If you’re among those who think Louisiana should diversify its economy, then you’ll certainly want to learn more about the new industry a little-known federal regulatory board might be about to scale, gut and fillet just for the state. It’s known as offshore aquaculture or, as it concerns Louisiana, fish farming in the Gulf of Mexico. A sub-committee of the Gulf of Mexico Fisheries Management Council approved the plan earlier today, and the entire council is expected to take its own final vote this week as well.
The idea of farm-raising fish in huge cages or pens has sparked a debate that has been raging for six years—especially in Louisiana. Environmentalists are worried that antibiotics and other chemicals will negatively impact the surrounding natural resources. Commercial fishermen argue that the federal government is creating unfair competition at the same time the domestic seafood industry is screaming for help.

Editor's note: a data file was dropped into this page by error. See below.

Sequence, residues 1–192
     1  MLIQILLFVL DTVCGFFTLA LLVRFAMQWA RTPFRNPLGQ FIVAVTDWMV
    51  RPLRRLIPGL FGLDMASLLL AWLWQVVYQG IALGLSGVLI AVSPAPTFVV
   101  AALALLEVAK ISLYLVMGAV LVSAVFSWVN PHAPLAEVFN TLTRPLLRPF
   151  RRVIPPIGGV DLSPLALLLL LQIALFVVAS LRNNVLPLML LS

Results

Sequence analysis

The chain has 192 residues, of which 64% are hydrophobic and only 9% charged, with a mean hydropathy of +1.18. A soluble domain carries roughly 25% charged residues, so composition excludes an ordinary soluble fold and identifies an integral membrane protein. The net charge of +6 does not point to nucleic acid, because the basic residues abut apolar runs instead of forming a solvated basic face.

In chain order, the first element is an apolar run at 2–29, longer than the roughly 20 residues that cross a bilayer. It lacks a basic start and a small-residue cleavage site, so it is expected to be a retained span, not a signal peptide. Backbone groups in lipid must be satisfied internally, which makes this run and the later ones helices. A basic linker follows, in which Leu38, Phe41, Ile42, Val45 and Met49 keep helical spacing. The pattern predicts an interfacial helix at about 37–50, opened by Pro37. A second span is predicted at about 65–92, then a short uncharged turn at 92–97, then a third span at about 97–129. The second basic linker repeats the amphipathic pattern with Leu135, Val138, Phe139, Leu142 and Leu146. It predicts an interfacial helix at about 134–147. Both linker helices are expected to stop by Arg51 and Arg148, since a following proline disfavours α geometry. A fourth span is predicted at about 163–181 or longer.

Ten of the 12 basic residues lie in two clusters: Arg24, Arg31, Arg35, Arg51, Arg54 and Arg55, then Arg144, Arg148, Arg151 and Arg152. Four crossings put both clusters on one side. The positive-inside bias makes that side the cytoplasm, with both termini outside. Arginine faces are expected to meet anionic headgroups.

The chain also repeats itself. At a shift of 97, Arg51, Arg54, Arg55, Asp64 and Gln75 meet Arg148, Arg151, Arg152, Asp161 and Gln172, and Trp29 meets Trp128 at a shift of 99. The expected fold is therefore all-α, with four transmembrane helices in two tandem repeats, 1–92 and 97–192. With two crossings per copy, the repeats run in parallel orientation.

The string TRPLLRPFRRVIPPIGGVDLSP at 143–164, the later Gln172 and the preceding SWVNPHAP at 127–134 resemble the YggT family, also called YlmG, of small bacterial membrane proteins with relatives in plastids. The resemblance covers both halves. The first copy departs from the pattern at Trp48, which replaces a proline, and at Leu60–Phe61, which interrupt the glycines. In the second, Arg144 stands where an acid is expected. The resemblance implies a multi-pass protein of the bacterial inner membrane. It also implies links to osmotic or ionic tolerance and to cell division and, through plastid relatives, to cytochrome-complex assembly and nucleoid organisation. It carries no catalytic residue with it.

The U.S. Department of Commerce’s National Oceanic and Atmospheric Administration, which oversees the gulf council, has touted the benefits of offshore aquaculture in the past, issuing reports that predict a better trade deficit, new jobs, more economic development and less pressure on wild fish populations. In short, the feds like offshore fishing as a new industry.
Tom Wheatley, regional representative for the Marine Fish Conservation Network, a nonprofit advocacy group, expects high drama in coming days, but notes that the debate has a few legal questions that could end up in the courts. The gulf council has decided to act on offshore fish farming now because it believes the proposed plan fits neatly into the Magnuson Steven Act, a congressional measure. Wheatley, among others, disagrees with the interpretation. “The purpose of the law is to manage and conserve wild fisheries, not to promote offshore aquaculture production,” he says. For the full version of this article, click here.—Jeremy Alford